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The account injecting diversity into Instagram’s nostalgia-fest

Meet the girl behind @rewindbeauties, @dazedfashion’s Instagram account of the week

Among the endless Instagram accounts paying homage to the heady days of the 1970s – and a sea of girls with Farrah Fawcett-locks, in denim hot pants and floral, ruffled-sleeve blouses – lives @rewindbeauties, an account with a unique point of view.

Started by Mica, a London-based creative writer and curator – who was frustrated at the lack of representation of people of colour on the aforementioned 70s accounts – @rewindbeauties is on a mission to better represent the era, while sharing thoughts on intersectionality. Growing up, Mica found herself fascinated by the photographers, counterculture and political movements of the 70s, along with old-school Volkswagens and a pair of platform shoes (or two) – all of which feature on her account. Expect archive clothing adverts, vintage cars, nostalgic interiors, images of musicians, poignant political press imagery and riotous moments from history aplenty.

Highlights include images of protesters at a “Feminists Against Racism” rally in Tallahassee, Florida in 1977, feminist graffiti on a 1979 Fiat advertisement in London, and work by Jamaican photographers Neil Kenlock and Rose Murray that sit among a host of other politically-charged images that document global history. Here, Mica tells us more about her account.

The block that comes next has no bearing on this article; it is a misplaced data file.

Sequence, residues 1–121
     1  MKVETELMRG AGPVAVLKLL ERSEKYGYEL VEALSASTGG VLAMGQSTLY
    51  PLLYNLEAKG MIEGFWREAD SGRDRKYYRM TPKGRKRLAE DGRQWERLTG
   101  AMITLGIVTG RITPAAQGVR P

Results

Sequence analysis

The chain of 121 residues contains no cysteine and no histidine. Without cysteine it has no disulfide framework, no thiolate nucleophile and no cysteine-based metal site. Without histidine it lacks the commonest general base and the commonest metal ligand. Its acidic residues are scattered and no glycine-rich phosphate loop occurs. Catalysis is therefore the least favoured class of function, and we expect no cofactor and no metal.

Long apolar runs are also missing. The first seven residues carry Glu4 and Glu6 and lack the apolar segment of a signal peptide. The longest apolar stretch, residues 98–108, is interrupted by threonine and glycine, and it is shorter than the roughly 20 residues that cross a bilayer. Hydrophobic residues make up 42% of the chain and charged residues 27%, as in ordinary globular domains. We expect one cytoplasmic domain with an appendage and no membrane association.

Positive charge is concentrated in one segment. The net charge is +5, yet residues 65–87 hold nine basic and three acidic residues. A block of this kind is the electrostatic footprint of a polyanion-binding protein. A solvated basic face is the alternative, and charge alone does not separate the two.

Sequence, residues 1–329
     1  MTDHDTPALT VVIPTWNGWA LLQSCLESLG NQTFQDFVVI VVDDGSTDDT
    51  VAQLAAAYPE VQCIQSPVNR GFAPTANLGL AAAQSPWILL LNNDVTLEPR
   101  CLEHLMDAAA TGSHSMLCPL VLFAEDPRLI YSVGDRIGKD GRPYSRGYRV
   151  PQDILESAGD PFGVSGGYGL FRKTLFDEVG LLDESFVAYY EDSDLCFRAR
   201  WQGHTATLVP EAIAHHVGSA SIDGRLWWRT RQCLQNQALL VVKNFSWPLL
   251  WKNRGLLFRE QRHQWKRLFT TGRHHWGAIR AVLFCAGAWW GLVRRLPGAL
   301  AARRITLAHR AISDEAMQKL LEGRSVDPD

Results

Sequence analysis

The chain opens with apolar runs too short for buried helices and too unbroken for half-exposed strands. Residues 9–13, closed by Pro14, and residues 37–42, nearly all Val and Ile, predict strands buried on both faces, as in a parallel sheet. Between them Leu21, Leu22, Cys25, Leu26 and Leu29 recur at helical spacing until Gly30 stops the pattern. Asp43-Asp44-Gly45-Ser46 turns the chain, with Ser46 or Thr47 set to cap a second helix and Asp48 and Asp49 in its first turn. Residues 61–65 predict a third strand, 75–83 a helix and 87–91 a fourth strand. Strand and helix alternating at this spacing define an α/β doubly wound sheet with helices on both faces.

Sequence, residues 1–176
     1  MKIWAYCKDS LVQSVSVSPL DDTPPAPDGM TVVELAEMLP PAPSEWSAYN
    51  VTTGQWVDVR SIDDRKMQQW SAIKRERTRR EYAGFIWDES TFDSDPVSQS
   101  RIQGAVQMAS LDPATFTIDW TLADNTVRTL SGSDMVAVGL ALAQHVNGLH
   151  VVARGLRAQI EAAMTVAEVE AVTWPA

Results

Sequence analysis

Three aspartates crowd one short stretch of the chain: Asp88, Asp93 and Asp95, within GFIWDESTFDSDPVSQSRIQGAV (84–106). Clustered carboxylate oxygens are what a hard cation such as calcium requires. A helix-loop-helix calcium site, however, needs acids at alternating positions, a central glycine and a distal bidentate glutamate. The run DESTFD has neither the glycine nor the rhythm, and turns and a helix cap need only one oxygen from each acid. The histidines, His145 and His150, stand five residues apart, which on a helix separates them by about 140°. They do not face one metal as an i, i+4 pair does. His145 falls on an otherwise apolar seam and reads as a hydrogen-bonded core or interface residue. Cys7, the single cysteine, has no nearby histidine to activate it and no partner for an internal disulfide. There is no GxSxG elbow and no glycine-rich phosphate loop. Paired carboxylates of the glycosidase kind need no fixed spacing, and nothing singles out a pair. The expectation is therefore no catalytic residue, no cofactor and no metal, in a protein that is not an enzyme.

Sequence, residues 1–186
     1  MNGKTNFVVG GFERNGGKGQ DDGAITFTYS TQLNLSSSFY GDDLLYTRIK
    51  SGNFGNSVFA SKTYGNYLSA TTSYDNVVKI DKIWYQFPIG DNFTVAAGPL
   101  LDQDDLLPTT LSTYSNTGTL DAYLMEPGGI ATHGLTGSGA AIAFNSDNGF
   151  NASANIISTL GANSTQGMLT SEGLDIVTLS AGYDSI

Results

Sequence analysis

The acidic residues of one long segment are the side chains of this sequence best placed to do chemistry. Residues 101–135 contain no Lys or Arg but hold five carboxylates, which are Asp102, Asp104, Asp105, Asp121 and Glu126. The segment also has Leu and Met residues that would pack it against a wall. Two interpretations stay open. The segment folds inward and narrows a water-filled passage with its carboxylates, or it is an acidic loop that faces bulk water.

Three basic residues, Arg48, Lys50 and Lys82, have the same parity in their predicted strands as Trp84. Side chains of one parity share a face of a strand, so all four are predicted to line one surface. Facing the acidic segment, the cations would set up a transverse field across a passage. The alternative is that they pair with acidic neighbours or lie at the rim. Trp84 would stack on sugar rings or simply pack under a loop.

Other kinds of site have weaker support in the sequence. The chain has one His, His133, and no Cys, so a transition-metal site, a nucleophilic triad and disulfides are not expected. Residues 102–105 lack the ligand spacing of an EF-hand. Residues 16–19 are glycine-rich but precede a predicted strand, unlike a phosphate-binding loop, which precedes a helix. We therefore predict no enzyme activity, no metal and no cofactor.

How would you describe your account?

@rewindbeauties: As an archive of beautiful people, places and things. There are many layers to it, but to put it simply I’d say ‘intersectional nostalgia’.

What made you start @rewindbeauties?

@rewindbeauties: I was frustrated at the lack of representation on accounts that focused on the 60s and 70s. I think the fashion and movements are fascinating, but not everyone was blonde or from the US, so I began to explore imagery that noted black people and communities of colour. I’ve always collected images; as a child I’d make collages by cutting things out from magazines and leaflets. As I got older, I began to do more research and use old photos for art inspiration. It wasn’t just the subject that interested me, but the photographers and the politics, the counterculture and the revolutionary movements of the era too. So I combined my new found photographs amongst platform shoes, Volkswagens and images of Woodstock, and began posting under @rewindbeauties.

What’s your main mission?

@rewindbeauties: To share relatable imagery and have a platform for women to see fabulous clothes, learn about the baddest babes and exchange ideas. The aim is to make intersectionality mainstream. The term was coined by Kimberlé Crenshaw in 1989, noting how our experience of oppression differed – even intensified – when we take into account the overlapping layers of our identity: gender and race, as well as class and sexual orientation. I don’t think it’s something people should be in awe of. I have never been a woman without being black, so I find the concept fairly simple.

What’s the criteria for a @rewindbeauties post?

@rewindbeauties: I try to make sure the images are good quality and not something I’ve seen often. I also have an obvious rule – no fascists or bigots, no matter how much of a babe they look. Relevant is also great – even if the image is from 1966, if it can relate to current affairs then it’s a keeper!